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Wednesday, April 15, 2009

Personal Budgeting vs. A Spending Plan

The origin of the term "budget" is debatable, but most sources track it back to the french or Latin words for bag or pouch.

I don't use a budget. I don't like the idea of having a small bag determine how my financial life flows, it's too restrictive. I prefer to think of my monthly cash flow as a spending plan. It gives a feeling of bounty, when in fact, many of us who feel poor are actually rich in resources.

For example, my spending plan includes $200 per month for health insurance. I don't see that as an expense, I see it as something that I purchase in order to protect myself and my family from catastrophic financial burdens. That's a good plan!

The most important spending plan that I ever ran across is called The 60% Solution by Richard Jenkins on MSN money. He was wondering if adding all these receipts in personal software was really helping him control his money. Here is an excerpt from the article:

"After analyzing our spending patterns over a couple of years using our Microsoft Money data file, I determined that we needed to keep our committed expenses at or below 60% of our gross income to come out ahead at the end of the month.

Committed expenses:
Basic food and clothing needs.
Essential household expenses.
Insurance premiums.
Charitable contributions.
All of our bills -- even such non-essentials as our satellite TV service.
ALL of our taxes."

The other 40% of dollars are divided up into Long Term Savings (10%), Short Term Savings (10%), Retirement (10%), and fun money (10%). That last 10% is so that you feel good about life and can continue to face the office every day, is my guess.

So, it's not just a budget -- it's a way of looking at the overall picture that helps you make the important decisions.

"The key is keeping a lid on those committed expenses. You can categorize them if you want, but it isn't really necessary. In fact, you could make a budget with just three categories: committed expenses, fun money and irregular expenses," Jenkins writes in his post.

The most powerful paragraph is:

"Now, let's take the really hard case: Even excluding debt payments, reducing your committed expenses to 60% still seems like an impossible goal. If that describes your situation, the odds are good that you're facing one of the following problems:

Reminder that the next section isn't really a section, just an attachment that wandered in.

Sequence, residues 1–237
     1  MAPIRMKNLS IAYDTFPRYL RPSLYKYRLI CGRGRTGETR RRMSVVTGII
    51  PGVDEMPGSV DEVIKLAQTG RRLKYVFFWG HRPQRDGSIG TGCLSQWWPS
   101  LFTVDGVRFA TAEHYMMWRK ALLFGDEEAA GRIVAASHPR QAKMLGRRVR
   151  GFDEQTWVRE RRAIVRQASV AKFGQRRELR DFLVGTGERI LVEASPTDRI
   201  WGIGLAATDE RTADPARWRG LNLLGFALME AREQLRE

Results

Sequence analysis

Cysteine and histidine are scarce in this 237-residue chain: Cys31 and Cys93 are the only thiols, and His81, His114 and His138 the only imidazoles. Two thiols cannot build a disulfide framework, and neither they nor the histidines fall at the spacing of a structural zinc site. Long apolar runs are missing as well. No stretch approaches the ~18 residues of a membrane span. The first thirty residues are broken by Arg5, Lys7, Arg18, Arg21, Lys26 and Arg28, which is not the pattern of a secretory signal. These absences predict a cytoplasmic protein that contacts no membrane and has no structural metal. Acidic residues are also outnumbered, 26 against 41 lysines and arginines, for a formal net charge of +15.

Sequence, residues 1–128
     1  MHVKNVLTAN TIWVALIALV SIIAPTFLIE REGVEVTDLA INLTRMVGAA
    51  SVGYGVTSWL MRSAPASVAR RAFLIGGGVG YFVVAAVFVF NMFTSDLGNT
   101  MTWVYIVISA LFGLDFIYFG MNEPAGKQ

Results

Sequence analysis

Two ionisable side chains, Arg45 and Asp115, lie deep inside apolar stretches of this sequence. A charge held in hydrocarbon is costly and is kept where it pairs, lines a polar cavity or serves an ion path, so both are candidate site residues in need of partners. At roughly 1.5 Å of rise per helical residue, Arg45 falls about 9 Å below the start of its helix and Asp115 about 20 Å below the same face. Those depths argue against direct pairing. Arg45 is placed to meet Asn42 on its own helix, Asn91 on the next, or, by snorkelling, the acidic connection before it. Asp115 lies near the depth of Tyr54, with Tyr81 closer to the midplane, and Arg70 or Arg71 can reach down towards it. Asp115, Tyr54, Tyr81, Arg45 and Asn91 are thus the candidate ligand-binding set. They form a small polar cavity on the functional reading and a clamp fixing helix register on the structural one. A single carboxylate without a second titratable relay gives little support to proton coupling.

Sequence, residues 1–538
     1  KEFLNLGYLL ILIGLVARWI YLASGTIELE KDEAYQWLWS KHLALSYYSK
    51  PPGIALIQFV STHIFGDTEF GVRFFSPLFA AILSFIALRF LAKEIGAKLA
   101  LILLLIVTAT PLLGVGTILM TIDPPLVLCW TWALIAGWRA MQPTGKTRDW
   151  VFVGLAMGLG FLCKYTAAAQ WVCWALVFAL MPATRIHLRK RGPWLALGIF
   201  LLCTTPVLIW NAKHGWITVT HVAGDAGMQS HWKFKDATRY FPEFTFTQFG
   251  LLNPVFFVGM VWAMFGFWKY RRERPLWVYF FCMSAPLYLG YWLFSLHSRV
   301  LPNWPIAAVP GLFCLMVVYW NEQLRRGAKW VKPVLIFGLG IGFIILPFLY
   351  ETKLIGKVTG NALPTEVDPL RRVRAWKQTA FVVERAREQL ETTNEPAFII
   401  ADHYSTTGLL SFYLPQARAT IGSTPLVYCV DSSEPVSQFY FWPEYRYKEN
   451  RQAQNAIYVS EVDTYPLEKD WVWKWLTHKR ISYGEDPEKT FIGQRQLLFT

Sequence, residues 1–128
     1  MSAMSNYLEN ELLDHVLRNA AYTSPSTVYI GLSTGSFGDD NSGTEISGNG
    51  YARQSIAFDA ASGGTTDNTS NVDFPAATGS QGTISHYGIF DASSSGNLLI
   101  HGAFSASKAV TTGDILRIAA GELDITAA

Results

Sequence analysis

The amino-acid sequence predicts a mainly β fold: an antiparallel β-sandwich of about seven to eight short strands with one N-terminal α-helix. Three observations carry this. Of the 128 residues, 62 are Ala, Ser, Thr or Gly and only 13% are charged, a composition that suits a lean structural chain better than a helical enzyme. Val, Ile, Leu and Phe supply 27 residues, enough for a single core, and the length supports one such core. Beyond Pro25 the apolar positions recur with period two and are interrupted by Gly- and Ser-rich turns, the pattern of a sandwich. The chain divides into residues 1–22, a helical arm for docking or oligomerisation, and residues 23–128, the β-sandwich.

*You have a more expensive home than you can afford.
*You've committed to car or boat payments that are larger than you can afford.
*Your children are in a private school that you can't really afford.
*There's just a big, ugly gap between your income and your lifestyle.

If it's one of the first three, you can undo the damage by slowly unwinding the commitments you've made and choosing something less appealing but ultimately more appropriate."

I took Jenkins' advice and closely looked at my 60%. That's when I realized that my house was pushing my "have to" expenses into 75% including mortage, mortgage interest and maintenance, fees etc. and there wasn't any way I could continue to do that at my salary and recoup half of what I was putting into the house. Once I sold my house, I had a six-figure nest egg and I'm still saving each month because I'm renting instead of owning (which is a good deal, btw, just check out the New York Times Rent Vs. Buy calculator).

Take a look at it, slowly if you have to, but add up your expenses and see if you can do the 60% - 40% break out. (Or somewhere close 65-35, etc.).

What happens when you do that? Please let us know in your comments below...

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